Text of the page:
So, when I’ve made steak au poivre in the past, I’ve made it with filet mignon, but this time, I used NY strip steak. I could say I had a special reason for this, but, really, a one pound strip steak was less expensive than two 6 oz. filet mignons and works just as well.

Also, this is another recipe that lets me work on my sauce game.

So, on to the ingredients:

3 tbsp. black peppercorns, cracked
One 1 pound New york strip steak, about 1-1⁄2″ thick
2 tbsp. butter
2 teaspoons of Dijon mustard
1 tbsp. olive oil
1⁄3 cup cognac or brandy
1 cup low sodium beef broth
1⁄2 cup heavy cream

So, the first thing to do was crack those peppercorns. Usually, recipes say to wrap the peppercorns in a clean towel and crush them with a heavy skillet or a mallet. I really didn’t want to dirty up a dish towel, so I put the peppercorns into a heavy-duty Ziploc bag and crushed them. A lot of recipes also say the peppercorns must be cracked, not ground, but you can totally grind them, using the large grind setting on the peppermill, it really makes life easier, and saves a Ziploc bag.

I seasoned the steak with salt, put the cracked peppercorns on a plate and pressed the steak into them until both sides were completely and evenly covered. Heating up the oil in a medium-hot skillet, I cooked the steak until it was well browned on both sides, about 5 minutes on each side for medium rare, removed it to a plate and covered it with foil to keep it warm.

Now, at this point in a lot of recipes for steak au poivre, to start the sauce, say you should pour in your cognac and ignite it, which I just am not crazy enough to do, and have never done, the sauce comes out just fine without the pyrotechnics. So, I added the butter and stirred to loosen up the brown bits in the skillet, the took the skillet off the heat (just to be safe), added the cognac, stirred it in to incorporate it, then, putting the skillet back onto the heat, added the broth, mustard, and cream and stirred it all together.

I should add that Dijon mustard is completely optional for this. I add it because we like that flavor in the sauce, but I know it’s not for everyone, but if it’s for you, the amount can be adjusted to suit your preferences.

Anyway, back to sauce making. I brought the sauce to a boil, then backed the heat down to medium and reduced until the sauce was thick enough that it coated the back of a spoon. I checked the sauce for seasoning and, all I’ll say at this point is that when you make a sauce where one of the primary ingredients is cracked peppercorns, you could possibly get a pretty aggressive sauce, which is why I usually grind the peppercorns instead of cracking them, but this time out I cracked, and, boy, did that pepper stand up. I suppose I could have tamed it by adding a bit more cream, but I didn’t, because we do like our pepper.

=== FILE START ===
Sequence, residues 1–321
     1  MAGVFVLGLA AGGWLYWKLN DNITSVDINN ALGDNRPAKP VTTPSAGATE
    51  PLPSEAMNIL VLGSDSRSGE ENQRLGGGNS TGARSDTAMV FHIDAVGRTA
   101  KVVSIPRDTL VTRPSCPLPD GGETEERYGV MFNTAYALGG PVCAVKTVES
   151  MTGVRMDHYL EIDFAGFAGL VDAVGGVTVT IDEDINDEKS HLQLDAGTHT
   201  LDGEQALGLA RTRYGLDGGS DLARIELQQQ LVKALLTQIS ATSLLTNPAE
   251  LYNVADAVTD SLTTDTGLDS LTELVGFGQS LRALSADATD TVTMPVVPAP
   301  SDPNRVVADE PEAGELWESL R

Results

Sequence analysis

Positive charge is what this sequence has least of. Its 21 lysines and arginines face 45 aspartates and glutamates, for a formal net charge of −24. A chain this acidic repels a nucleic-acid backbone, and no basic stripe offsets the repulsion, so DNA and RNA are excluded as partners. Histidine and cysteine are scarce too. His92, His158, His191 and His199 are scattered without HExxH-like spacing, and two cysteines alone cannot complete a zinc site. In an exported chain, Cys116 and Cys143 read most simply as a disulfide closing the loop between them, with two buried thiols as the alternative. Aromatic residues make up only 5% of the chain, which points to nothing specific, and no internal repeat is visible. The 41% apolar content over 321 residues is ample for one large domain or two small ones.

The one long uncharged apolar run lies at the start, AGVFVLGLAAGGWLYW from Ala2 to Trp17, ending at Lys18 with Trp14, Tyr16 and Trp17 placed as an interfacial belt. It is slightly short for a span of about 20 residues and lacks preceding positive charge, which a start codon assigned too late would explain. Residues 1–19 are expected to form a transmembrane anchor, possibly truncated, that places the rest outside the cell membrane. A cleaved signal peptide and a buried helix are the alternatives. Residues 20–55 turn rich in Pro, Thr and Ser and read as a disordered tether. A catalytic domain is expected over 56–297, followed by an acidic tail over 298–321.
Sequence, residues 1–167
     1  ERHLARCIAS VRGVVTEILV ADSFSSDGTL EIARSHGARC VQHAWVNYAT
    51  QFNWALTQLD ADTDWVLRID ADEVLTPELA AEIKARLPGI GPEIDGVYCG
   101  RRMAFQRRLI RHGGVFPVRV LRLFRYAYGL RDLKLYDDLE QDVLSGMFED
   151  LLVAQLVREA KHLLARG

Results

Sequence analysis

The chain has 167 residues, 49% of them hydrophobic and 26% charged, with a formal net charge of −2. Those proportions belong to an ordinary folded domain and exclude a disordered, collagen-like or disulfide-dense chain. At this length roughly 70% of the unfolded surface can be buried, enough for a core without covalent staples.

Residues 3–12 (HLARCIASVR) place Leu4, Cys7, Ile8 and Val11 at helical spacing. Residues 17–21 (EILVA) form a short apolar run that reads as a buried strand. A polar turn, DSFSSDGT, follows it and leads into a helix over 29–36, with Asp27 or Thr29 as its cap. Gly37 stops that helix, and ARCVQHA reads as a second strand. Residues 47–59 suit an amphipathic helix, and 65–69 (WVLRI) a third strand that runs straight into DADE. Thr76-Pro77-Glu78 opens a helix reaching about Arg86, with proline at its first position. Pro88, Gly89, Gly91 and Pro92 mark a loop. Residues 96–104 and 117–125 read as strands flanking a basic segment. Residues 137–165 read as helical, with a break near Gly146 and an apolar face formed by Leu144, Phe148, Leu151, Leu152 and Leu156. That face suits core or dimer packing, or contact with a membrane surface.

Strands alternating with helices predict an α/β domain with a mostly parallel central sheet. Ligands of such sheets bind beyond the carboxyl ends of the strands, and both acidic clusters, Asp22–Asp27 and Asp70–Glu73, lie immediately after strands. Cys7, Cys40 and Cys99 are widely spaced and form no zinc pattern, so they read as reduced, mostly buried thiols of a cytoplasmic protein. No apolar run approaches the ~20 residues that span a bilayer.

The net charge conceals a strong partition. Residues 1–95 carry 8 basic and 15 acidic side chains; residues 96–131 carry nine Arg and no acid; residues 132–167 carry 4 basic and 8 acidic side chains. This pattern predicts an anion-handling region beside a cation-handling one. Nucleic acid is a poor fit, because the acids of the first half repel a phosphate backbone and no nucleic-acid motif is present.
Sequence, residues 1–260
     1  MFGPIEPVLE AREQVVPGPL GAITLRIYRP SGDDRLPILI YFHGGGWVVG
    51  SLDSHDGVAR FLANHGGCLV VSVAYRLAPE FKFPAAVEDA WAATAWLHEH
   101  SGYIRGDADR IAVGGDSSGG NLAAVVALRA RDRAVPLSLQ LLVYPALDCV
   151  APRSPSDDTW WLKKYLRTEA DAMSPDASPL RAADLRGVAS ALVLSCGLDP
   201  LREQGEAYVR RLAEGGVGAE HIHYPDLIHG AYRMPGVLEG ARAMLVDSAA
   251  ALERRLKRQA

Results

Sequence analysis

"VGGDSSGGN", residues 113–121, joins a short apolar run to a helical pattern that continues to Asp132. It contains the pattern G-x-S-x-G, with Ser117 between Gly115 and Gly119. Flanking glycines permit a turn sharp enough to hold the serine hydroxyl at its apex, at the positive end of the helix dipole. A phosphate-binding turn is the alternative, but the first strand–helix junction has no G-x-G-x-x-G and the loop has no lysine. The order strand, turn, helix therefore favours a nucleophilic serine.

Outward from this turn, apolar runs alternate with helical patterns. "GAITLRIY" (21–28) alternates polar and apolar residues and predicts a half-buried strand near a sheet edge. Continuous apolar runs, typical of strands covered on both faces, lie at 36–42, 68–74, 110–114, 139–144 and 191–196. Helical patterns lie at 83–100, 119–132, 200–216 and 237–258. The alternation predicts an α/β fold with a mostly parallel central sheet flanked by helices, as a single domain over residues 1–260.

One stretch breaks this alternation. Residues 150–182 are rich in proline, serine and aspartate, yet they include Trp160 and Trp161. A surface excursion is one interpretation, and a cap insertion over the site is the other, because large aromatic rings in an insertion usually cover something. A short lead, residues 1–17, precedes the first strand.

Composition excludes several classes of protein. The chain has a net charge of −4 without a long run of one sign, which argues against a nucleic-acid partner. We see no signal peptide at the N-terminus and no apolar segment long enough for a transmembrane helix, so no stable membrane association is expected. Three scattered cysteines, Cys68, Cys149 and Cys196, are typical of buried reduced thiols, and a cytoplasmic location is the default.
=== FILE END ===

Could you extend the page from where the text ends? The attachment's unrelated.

img_3267So, I took the steak from under the foil,sliced it, plated it, and topped it with the sauce. The steak was served with roasted balsamic red onions, maple bacon green beans (the sweetness from the beans and the red onions were a good counterpoint to the peppery steak) and the old standby, garlic mushrooms. Add some crusty bread to sop up that sauce with, plus a nice green salad to start, and we had ourselves a very good New Years Eve dinner. Dessert was a berry pie that was just sitting there at the bakery counter, begging me to add it to the menu, served warm with vanilla ice cream.

For the rest of our New Years Eve, we actually started the day at the movies. We meant to see La La Land, but it was sold out for the time we wanted, so instead we saw Rogue One. Yeah, that’s a completely different direction to go with our afternoon entertainment, but we thoroughly enjoyed it. And after dinner, we watched some classic movies. While watching a classic musical, Brett noticed a bit of cracked pepper on one of his back teeth, worked it out, and, after remarking on it, asked me if that was what I meant by the sauce being a bit aggressive, and I nodded. Well, he said, it was still delicious, and that’s just what a cook wants to hear.

Break time’s over. 😀

So, the holiday’s are pretty much over, and now it’s that odd limbo between Christmas and the new year where everything is still in Christmas mode, the media is trying to make New Years eve sound more awesome than it really is, and you notice just how many bowl games there are (too many).